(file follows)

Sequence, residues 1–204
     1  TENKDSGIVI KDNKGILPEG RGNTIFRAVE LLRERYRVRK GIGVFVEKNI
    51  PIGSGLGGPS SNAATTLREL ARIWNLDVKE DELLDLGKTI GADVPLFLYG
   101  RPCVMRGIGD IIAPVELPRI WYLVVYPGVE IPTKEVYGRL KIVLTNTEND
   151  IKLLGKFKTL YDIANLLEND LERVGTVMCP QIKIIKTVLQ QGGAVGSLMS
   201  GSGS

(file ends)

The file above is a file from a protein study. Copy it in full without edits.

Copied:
Sequence, residues 1–204
     1  TENKDSGIVI KDNKGILPEG RGNTIFRAVE LLRERYRVRK GIGVFVEKNI
    51  PIGSGLGGPS SNAATTLREL ARIWNLDVKE DELLDLGKTI GADVPLFLYG
   101  RPCVMRGIGD IIAPVELPRI WYLVVYPGVE IPTKEVYGRL KIVLTNTEND
   151  IKLLGKFKTL YDIANLLEND LERVGTVMCP QIKIIKTVLQ QGGAVGSLMS
   201  GSGS